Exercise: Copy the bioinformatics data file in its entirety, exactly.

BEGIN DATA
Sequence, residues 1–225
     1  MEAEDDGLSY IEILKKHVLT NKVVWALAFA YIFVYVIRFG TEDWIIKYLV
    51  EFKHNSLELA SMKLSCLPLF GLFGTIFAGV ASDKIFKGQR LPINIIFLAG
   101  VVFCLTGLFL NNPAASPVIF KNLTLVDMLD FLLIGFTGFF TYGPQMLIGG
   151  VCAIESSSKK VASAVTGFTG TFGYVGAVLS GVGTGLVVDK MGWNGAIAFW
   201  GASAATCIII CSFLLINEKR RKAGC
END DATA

Sequence, residues 1–225
     1  MEAEDDGLSY IEILKKHVLT NKVVWALAFA YIFVYVIRFG TEDWIIKYLV
    51  EFKHNSLELA SMKLSCLPLF GLFGTIFAGV ASDKIFKGQR LPINIIFLAG
   101  VVFCLTGLFL NNPAASPVIF KNLTLVDMLD FLLIGFTGFF TYGPQMLIGG
   151  VCAIESSSKK VASAVTGFTG TFGYVGAVLS GVGTGLVVDK MGWNGAIAFW
   201  GASAATCIII CSFLLINEKR RKAGC